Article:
I tabulated all of your entries (76 of you entered, but with all of your Tweeting and linking and clicking, it made for 205 total entries) and went to http://www.random.org/, and within a few seconds, I had winners! So here they are:
- Winner of the $30 Amazon Gift Card: HELENE DUNBAR
- Winner of the Three-Chapter Critique: LEXCADE
- Winner of the Psychologisty Reading Pack*: ROSIE C
Congratulations to the winners!
Now: the inkblot. Here's the history: The Rorschach was developed by Swiss psychiatrist Hermann Rorschach in the early 1920s. He noticed that some children in the psychiatric hospital in which he worked had substantially different responses to a game called "Blotto". He published the Rorschach test in 1921 and advised some caution in its interpretation, stressing that his findings were preliminary. Unfortunately, he died just one year later.
Other psychiatrists and psychologists took up the mantle, some even calling it a "psychological X-ray", enabling professionals to see into the deep recesses of a patient's unconscious. It makes psychologists and psychiatrists sound pretty darn powerful, doesn't it? WE CAN SEE INTO YOUR SOULS, PEOPLE! But then, researchers got hold of it and the criticism began--the scoring was so subjective that no one could be sure it actually revealed anything.
In the 1970s, psychologist John Exner attempted to rescue the Rorschach, developing a standardized system of scoring to increase the reliability (and credibility) of the test. Exner's "Comprehensive System" is pretty complicated. It doesn't just score for content (which is what most of you were concerned with as you made your comments in the contest) -- it goes a lot further than that.
The Rorschach includes 10 inkblots, some black and white, some black and red, and some full color. You're not supposed to publicly display the actual test inkblots because if people who take the test have seen the test materials ahead of time, it could influence their responses. For each card, the examiner hands it to the person and asks "what might this be?" Then the examiner writes down everything the person says and does. The person actually goes through the cards a few times, and the final time, the examiner asks some questions to make sure she understands how the person is seeing the blot.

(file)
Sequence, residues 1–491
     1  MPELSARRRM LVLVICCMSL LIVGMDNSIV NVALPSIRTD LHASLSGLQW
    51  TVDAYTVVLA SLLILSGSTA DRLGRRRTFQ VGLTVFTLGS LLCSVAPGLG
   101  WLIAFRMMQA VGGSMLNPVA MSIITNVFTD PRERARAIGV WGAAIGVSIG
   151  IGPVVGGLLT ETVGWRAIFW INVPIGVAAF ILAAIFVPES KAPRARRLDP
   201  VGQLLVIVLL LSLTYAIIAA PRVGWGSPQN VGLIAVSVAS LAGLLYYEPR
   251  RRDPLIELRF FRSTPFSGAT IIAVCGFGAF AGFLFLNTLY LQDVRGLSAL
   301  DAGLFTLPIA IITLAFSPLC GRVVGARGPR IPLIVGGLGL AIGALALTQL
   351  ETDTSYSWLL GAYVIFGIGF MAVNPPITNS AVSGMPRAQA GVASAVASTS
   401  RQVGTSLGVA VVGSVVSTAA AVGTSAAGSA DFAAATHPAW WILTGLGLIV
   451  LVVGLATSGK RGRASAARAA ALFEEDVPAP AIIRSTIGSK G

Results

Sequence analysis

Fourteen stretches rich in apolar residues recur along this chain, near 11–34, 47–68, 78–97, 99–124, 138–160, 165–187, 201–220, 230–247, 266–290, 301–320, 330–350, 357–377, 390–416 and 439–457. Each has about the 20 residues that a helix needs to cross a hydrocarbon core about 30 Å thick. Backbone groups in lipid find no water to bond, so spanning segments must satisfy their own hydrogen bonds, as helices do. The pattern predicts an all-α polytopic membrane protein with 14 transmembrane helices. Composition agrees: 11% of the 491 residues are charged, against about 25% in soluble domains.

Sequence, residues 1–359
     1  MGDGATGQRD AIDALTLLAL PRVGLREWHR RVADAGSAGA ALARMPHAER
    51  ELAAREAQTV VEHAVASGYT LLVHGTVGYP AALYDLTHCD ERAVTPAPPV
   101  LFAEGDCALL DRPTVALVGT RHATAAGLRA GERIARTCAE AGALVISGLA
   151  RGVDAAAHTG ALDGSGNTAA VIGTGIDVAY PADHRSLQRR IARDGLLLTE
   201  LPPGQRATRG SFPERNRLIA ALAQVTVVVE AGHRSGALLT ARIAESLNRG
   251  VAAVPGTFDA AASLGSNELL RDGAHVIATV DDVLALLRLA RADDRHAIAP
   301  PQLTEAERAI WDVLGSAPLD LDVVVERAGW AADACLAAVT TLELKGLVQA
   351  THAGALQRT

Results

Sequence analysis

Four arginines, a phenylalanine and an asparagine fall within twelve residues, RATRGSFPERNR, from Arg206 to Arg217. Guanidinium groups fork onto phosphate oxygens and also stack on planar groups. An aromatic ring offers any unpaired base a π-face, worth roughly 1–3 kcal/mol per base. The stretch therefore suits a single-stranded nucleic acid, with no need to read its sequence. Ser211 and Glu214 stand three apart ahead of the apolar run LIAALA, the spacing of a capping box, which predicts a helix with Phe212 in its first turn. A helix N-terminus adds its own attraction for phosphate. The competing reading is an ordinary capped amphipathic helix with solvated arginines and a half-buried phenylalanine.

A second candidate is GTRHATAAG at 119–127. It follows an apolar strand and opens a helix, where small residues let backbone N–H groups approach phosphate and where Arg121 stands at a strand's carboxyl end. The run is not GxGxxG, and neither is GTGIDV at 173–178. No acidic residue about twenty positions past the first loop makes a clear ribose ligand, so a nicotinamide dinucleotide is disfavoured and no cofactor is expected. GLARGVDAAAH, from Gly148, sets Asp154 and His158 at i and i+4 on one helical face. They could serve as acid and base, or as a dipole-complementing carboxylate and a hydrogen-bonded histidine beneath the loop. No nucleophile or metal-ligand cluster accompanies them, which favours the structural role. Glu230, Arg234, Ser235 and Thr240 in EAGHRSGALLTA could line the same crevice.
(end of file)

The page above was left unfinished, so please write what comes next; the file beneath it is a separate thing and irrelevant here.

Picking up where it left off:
|Here's my inkblot again--do you still see the same thing?|
- Location--the examiner codes which part of the inkblot the person uses to form his response. For example, two of you focused on white space around the blot, but many of you gave responses based on the whole thing.
- Determinant--what quality of the blot was used to form the response. An example would be that 17 of you gave responses that could be coded for movement because you said you saw "dancing" humans or animals of some type. Many of you gave responses solely based on the form of the inkblot only, and some of you gave responses based on both the form and the color.
- Content--this is the actual content of the response, which can be coded into 27 categories. For example, many of your responses would be coded for human or human mythological content, either whole or detail (that includes all the goblins and demons), and there were even more animal or animal mythological responses (like the dragons). Some of you gave responses including anatomy (skulls, pelvises), art (the Grecian urn), explosions (of a piece of food, oddly enough, Dr. Kang). Only one of you gave a sexualized response (I'm looking at you, Mr. MacNish ... but I suspect some of you were holding back).
- Popularity--there are some responses that are commonly given for certain cards, so in this category, the examiner codes whether the person's response was one of those. Of course, your responses were the FIRST EVER to this magnificent inkblot, so you can review the comments and see if your response was similar to many others (there were lots of angry goblin/demon faces and lots of dancing animals)
- Organizational activity--the examiner actually codes how the person synthesized the various parts of the inkblot to form a coherent response (or not). This sucker is complicated to code and I'm just not going to get into it in this post. I'll touch on it Wednesday.
- Form Quality--the extent to which the response "fits" the inkblot. I'd say nearly all of you gave a response that fit the blot at either the superior or ordinary level.
Since it's Monday, please go check out Lydia's Medical Monday post, as well as Laura's Mental Health Monday post.
In addition, please go visit Justine Dell's blog. She was my very first crit partner, and while I was in Indiana, I went to meet her in person for the first time (she lives in Bloomington, IN). She's posting about it today ... along with some pictures (this may come as a surprise to some of you, but I'm not actually a stick figure with 18-inch-long fingers). I don't really deserve the things she says about me, but what she writes about how fun and amazing our day was--that's absolutely true.
So ... back to the Rorschach. What do you think--is it scored how you expected? More complicated? Less? I haven't even started to talk about how to actually interpret it--are you intrigued or bored? Is it as mysterious as it seemed last week, or does it seem more mundane?